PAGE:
Washington helps ‘Flight’ take off

PHOTO PROVIDED Denzel Washington stars as pilot Whip Whitaker in the 2012 film, “Flight.”

Denzel Washington is one of America’s finest actors.

He truly burst on the scene in “Philadelphia” playing attorney Joe Miller for Tom Hanks’ character, Andrew Beckett. Hanks, of course, won an Oscar for that role. Washington garnered a nomination, but didn’t win one until “Training Day.”

One of Washington’s most underrated roles comes in the 2012 film, “Flight.” In it, he plays Captain Whip Whitaker, an airline pilot. Whip isn’t a complex character. He’s an alcoholic and a drug addict. He sleeps with a co-worker and fights with his ex-wife. Not very likeable, right? Well, it gets better.

Following a sleepless night in a hotel room, he boards SouthJet Flight 227 to Atlanta. To level himself off, he mixes himself a drink — vodka and orange juice — just before takeoff. The plane hits some rough turbulence, but Whip fights through it. However, after a quick nap, the plane fails and goes into a dive.

Whip, though, is calm, cool and collected. He’s unable to control the airplane as it continues to dive. In one of the film’s most intense scenes, he tries flying the plane inverted (upside down). At the last moment, he decides to make a controlled crash landing in an open field in Georgia. If you’re afraid of flying, it’s probably best to avoid “Flight.” The crash scene seems unbelievably realistic.

Needless to say, Whip survives the crash. However, there are a half-dozen casualties. He wakes up in a hospital room surrounded by doctors and is eventually questioned by the FAA. Since the plane is fairly intact, the vodka bottles are found. As you can imagine, Whip has some explaining to do.

While Washington carries “Flight,” there are several noteworthy supporting performances. John Goodman shines as Whip’s friend and drug dealer, Harling Mays. Harling is an enabler, but he probably knows Whip better than anyone. Don Cheadle is fantastic as attorney Hugh Lang, who is trying to “fix” the toxicology report in an effort to keep Whip from going to jail. Bruce Greenwood plays FAA representative Charlie Anderson, who is charged with investigating the crash.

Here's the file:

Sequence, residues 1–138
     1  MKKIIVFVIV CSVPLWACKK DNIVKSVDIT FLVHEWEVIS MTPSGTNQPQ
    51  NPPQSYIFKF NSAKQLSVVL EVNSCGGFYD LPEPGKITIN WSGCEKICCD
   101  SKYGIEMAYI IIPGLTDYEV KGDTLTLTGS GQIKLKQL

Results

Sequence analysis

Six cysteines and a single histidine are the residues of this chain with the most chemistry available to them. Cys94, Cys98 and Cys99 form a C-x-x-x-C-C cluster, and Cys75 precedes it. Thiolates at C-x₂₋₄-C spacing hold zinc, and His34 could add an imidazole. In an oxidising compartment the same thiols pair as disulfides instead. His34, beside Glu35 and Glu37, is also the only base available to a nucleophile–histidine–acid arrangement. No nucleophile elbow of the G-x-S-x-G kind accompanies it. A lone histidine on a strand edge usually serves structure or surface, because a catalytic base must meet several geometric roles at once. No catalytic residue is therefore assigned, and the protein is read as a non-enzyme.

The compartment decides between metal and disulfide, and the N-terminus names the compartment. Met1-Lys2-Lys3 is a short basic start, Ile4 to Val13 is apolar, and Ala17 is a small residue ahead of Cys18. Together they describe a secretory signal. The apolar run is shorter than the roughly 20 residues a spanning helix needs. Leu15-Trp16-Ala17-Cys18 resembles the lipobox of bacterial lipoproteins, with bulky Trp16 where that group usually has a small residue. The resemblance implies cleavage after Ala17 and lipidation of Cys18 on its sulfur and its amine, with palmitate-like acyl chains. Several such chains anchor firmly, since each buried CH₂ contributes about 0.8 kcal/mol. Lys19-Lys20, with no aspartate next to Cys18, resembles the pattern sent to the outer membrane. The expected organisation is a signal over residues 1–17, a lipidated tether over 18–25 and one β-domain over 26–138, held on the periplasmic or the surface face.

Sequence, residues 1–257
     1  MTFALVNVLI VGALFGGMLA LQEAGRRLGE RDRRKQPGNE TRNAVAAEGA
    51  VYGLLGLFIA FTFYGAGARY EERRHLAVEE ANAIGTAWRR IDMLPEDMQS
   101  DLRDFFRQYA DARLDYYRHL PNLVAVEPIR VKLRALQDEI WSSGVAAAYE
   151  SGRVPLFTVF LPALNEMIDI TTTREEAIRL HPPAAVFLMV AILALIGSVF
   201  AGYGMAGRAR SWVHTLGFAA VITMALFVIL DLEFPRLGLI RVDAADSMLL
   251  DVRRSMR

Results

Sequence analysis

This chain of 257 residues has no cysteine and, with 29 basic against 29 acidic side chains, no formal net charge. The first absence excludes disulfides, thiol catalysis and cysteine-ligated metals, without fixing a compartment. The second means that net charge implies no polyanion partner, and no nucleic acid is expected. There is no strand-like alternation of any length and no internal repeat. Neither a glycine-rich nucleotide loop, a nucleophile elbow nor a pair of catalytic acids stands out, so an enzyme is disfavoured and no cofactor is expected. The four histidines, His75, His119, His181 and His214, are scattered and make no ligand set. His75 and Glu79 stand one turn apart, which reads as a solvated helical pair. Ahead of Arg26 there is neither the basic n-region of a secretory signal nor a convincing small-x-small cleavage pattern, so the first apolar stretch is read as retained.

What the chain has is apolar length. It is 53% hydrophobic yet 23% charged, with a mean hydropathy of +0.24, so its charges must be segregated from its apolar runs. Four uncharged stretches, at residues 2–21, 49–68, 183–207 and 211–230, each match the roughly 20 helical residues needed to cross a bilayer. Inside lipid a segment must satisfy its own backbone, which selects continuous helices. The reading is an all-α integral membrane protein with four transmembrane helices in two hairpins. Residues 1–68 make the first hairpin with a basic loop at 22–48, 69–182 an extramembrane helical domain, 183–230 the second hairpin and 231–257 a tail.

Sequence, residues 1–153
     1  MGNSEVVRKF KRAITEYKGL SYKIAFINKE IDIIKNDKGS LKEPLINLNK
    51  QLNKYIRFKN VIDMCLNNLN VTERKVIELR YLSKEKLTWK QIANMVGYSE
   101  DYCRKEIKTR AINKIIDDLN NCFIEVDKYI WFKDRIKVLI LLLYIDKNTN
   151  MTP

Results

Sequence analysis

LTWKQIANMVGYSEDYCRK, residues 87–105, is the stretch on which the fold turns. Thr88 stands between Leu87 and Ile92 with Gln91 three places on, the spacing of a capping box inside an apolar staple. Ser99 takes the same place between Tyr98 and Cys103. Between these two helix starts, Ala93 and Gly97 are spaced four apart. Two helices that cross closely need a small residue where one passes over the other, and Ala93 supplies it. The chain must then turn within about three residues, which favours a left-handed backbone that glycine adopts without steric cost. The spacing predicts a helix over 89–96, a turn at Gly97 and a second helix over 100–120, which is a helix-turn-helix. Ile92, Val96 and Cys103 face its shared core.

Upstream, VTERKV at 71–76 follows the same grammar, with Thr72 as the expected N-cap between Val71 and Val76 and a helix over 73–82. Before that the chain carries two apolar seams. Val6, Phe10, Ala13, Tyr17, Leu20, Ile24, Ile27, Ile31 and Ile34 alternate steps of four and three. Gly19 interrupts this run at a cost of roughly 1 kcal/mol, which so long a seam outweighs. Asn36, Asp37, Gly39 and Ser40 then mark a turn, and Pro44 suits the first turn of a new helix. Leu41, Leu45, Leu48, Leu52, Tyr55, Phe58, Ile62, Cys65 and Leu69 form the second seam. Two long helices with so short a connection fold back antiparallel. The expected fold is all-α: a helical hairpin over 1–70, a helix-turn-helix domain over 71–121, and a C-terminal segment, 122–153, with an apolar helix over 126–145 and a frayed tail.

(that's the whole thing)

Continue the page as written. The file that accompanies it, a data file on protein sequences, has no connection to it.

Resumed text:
We watch Whip go through every imaginable emotion. He’s one of the most flawed heroes to hit the big screen in quite some time. Did he save lives? Yes. Was he high and drunk? Also yes. In an effort to avoid the media blitz, Whip goes into hiding at his father’s old house which brings back a host of bad memories. After trying to get clean following his hospital stay, Whip backslides once again.

The only flaw I could find with “Flight” was a forced relationship between Whip and fellow addict Nicole (Kelly Reilly). Their relationship isn’t necessary, but it explains a lot about Whip and how he deals with women in his life. There are some gut-wrenching scenes, especially watching Whip try to reconcile his relationship with his son.

At the heart of “Flight” is Whip’s struggle. You truly do feel for him. We want to think he’s a good person, but his behavior says otherwise. He has many flaws and demons in his past. No one is perfect and everyone deserves second chances, right?

Watch “Flight” — and decide for yourself.

“Flight” is rated R for the intense crash scene, some gore, sexual situations, adult language and drug use.

You can check out “Flight” on YouTube, Google Play, Vudu, Amazon Prime, iTunes and Xfinity OnDemand.

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Chris Morelli is a staff reporter for The Express.


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